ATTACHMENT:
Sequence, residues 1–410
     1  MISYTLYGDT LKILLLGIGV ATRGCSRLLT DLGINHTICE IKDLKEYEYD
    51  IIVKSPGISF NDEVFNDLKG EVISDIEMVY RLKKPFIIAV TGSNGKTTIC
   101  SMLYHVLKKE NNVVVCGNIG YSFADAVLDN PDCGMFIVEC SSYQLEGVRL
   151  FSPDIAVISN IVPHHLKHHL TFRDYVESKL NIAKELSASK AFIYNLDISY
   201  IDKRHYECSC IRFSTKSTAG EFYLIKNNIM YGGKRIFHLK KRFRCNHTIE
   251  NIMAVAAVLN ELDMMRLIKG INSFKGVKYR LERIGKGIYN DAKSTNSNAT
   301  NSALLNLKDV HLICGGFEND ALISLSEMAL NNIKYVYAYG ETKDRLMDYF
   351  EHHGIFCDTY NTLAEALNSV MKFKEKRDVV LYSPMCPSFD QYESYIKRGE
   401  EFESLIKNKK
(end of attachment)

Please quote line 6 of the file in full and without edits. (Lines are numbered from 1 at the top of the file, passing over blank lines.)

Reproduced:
   201  IDKRHYECSC IRFSTKSTAG EFYLIKNNIM YGGKRIFHLK KRFRCNHTIE